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Are markets too optimistic about China?


Just over a year ago, global markets were unsettled by concerns over China’s decelerating growth. Investors focussed on the mounting leverage in the economy. Commodity prices plummeted. Relatively minor (albeit abrupt) changes to the currency basket were viewed as precursors to a devaluation. Many fretted over the declining foreign exchange reserves, and believed that a “hard landing” of the economy was inevitable.

One year later, it appears markets have come to the opposite assessment. Economic growth surprised positively. Commodity prices rallied following some cuts in domestic supply. New prudential regulations, and a tightening of financial conditions, have been instituted to promote deleveraging in the financial system. Foreign exchange reserves increased following a tightening of capital controls. There is little talk of devaluation.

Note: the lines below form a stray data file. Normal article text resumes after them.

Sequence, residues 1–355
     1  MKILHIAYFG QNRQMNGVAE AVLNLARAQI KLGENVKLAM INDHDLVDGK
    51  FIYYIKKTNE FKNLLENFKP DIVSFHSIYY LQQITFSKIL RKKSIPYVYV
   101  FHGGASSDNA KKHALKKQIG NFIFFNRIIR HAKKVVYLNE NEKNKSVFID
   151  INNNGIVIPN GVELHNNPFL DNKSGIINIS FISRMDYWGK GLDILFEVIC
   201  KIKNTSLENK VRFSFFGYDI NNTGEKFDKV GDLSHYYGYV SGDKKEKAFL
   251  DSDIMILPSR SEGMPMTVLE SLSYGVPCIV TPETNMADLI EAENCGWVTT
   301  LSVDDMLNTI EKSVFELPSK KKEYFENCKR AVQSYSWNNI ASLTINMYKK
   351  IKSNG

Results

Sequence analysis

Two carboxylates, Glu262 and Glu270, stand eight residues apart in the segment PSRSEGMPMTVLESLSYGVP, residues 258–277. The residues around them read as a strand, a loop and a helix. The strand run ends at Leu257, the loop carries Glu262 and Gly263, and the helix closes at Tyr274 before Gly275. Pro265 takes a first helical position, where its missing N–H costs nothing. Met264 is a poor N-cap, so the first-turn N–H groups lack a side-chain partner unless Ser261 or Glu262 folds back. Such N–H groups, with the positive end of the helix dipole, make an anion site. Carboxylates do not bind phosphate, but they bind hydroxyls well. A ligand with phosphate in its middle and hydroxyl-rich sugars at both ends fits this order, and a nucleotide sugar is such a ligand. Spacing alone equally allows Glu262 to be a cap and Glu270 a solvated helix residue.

Political surprises and surprising reactions


The past year has been one of multiple surprises. The year started with fears of a sharp deceleration in China, and worries over the implications of rising Fed rates for emerging markets. Some worried that the global economy could slip into recession. Britain was expected to vote to remain in the European Union, and almost all political analysts would have named Donald Trump as the candidate least likely to win the US presidential elections.

None of these expectations proved right.  China’s economy barely decelerated. The Fed did not yet hike interest rates. Britain opted to leave the EU, and Trump is president-elect.  More surprisingly, however, is that markets moved in the opposite direction of what most analysts had expected. Emerging markets have delivered their best performance in years. The UK and US equity markets reacted positively to what was assumed to be a negative outcome.